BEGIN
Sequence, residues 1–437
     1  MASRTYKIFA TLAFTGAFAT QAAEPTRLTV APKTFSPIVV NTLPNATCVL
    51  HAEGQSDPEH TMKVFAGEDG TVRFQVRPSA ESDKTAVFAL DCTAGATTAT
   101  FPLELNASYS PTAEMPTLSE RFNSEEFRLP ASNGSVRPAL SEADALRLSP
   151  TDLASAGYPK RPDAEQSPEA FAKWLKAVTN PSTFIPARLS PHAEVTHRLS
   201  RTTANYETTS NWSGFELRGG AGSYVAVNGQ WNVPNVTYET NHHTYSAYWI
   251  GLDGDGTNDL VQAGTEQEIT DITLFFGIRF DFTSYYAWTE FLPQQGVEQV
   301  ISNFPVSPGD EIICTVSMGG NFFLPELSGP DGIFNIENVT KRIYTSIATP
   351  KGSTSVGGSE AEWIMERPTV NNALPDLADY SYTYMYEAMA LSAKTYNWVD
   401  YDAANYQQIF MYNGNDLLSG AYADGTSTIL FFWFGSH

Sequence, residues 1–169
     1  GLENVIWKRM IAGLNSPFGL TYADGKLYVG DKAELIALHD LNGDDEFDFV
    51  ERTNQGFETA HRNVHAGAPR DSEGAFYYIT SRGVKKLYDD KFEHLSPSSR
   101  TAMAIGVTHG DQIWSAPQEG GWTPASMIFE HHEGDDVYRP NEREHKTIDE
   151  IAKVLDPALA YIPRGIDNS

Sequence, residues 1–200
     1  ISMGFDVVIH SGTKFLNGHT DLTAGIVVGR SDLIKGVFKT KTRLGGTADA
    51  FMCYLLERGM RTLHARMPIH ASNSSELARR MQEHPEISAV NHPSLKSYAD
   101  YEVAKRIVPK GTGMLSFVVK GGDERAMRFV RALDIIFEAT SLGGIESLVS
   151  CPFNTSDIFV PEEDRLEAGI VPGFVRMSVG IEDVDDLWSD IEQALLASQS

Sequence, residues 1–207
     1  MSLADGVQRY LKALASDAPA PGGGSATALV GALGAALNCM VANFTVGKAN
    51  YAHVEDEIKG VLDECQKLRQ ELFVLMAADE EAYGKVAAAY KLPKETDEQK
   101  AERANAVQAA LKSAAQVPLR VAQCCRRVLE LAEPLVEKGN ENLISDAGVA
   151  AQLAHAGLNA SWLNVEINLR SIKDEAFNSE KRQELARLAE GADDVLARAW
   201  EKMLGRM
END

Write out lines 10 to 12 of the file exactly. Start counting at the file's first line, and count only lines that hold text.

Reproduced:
   401  YDAANYQQIF MYNGNDLLSG AYADGTSTIL FFWFGSH

Sequence, residues 1–169
     1  GLENVIWKRM IAGLNSPFGL TYADGKLYVG DKAELIALHD LNGDDEFDFV